Be extra vigilant about heart attack symptoms during cold weather
21 May 2018
By June Shannon
A new study has found that heart attacks are more likely to strike in cold weather, leading researchers to call for high risk patients to be alerted to symptoms when temperatures drop.
The study was presented at the Asian Pacific Society of Cardiology (APSC) Congress 2018 which took place last week in Taiwan.
Dr Po-Jui Wu, study author and cardiologist at the Kaohsiung Chang Gung Memorial Hospital, Kaohsiung City, Taiwan, explained: “We found that the number of heart attacks (acute myocardial infarctions) fluctuated with the seasons, with more attacks occurring in winter compared to summer. Heart attacks increased dramatically when the temperature dropped below 15 degrees Celsius.”
“When the temperature drops, people at high risk of a heart attack should be put on alert for symptoms such as chest pain and shortness of breath,” said Dr Wu.
“At-risk groups include people who had a previous heart attack, the elderly, or those with risk factors such as diabetes, high blood pressure, smoking, obesity, and sedentary lifestyles. Heart attacks can cause people to die suddenly so it is essential to urgently seek medical assistance when symptoms occur.”
“Cold weather is an important environmental trigger for heart attack."
Professor Ian Graham, Chair, Irish Heart Foundation Council on CVD prevention.
Professor Ian Graham, Chair, Irish Heart Foundation Council on CVD prevention, Professor of Cardiovascular Medicine, Trinity College Dublin and ESC prevention spokesperson, said: “Cold weather is an important environmental trigger for heart attack. Given that the risk is predictable, health authorities should allocate more resources for treating heart attack victims during cold weather. And people at risk of a heart attack should be more vigilant during cold weather and dial emergency at the first sign of symptoms.”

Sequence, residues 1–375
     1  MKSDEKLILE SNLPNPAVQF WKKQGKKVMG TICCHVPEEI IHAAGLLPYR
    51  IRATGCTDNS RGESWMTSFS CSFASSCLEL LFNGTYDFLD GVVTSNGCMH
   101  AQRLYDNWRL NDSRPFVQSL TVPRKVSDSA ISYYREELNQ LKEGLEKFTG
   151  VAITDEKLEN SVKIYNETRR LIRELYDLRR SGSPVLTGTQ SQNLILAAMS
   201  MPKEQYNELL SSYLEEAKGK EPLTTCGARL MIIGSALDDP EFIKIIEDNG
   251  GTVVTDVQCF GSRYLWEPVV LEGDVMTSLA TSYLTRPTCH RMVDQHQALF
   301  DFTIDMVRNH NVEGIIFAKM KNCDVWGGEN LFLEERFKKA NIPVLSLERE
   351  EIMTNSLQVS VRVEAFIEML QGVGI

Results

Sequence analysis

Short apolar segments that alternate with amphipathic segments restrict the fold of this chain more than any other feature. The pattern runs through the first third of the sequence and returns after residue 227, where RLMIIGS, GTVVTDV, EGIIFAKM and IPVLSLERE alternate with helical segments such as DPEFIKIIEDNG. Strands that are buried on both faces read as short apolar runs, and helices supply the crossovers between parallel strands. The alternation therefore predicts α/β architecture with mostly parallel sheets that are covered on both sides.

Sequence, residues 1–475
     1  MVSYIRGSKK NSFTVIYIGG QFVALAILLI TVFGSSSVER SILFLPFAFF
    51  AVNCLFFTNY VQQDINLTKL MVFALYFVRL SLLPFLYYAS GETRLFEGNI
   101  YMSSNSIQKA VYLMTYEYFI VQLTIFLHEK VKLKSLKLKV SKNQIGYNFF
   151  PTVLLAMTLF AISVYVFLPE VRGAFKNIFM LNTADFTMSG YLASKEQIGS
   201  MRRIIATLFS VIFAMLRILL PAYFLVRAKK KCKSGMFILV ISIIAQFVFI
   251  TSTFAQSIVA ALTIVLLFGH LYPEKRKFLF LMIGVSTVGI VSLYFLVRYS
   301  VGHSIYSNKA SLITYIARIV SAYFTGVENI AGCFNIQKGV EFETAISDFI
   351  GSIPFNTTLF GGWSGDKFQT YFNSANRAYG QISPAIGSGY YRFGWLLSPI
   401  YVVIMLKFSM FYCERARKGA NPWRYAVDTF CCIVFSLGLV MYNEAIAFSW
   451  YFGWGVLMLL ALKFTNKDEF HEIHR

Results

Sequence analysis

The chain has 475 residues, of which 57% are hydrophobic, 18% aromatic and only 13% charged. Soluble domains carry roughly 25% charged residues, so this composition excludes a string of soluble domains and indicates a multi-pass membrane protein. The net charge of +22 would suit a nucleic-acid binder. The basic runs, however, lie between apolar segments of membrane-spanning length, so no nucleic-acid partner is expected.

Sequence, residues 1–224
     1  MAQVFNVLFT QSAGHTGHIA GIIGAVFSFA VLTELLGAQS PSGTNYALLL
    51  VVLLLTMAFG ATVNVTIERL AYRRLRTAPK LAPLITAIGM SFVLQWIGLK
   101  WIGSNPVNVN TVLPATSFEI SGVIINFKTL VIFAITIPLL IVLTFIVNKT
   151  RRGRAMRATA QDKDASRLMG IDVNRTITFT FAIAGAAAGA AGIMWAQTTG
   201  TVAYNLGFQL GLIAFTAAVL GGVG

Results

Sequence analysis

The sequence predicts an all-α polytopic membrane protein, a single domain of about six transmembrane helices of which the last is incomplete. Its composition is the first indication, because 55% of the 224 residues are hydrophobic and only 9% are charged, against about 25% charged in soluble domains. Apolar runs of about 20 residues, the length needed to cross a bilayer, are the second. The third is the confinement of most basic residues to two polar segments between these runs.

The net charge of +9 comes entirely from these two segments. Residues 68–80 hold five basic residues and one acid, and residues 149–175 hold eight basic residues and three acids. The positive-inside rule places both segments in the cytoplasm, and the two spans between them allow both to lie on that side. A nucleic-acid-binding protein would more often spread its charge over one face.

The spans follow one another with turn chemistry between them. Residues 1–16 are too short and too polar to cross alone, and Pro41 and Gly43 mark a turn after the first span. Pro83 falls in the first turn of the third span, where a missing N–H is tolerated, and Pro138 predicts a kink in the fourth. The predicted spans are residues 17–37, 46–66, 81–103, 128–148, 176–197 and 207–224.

Prof Graham also explained that the cold triggers a sympathetic (adrenalin-like) response to constrict blood vessels (including those to the heart) and increase both blood pressure and heart rate.
The study included 40,524 heart attack patients from the Taiwan National Health Insurance Research Database (NHIRD) and 919,203 adults without a history of heart attack from the Longitudinal Health Insurance Database. Regional climate data was obtained from the Taiwan Central Weather Bureau.
The researchers looked at whether patients were more likely to have experienced certain climate factors before their heart attack than those who did not have a heart attack. They found that lower temperature, temperature fluctuations, and stronger wind separately increased the risk of having a heart attack the following day.
When the lowest temperature of the day was between 15 and 20 degrees Celsius, the relative incidence of acute myocardial infarction increased by 0.45% with each one degree of temperature drop. When the lowest temperature of the day was below 15 degrees Celsius, one degree of temperature drop was associated with a 1.6% of increase in the relative incidence of acute myocardial infarction in Taiwan.
Dr Wu suggested that health systems should send smartphone messages to high risk patients when adverse weather conditions were predicted, to warn them to be extra vigilant. Health systems should also be prepared to cope with more heart attack patients during cold weather.
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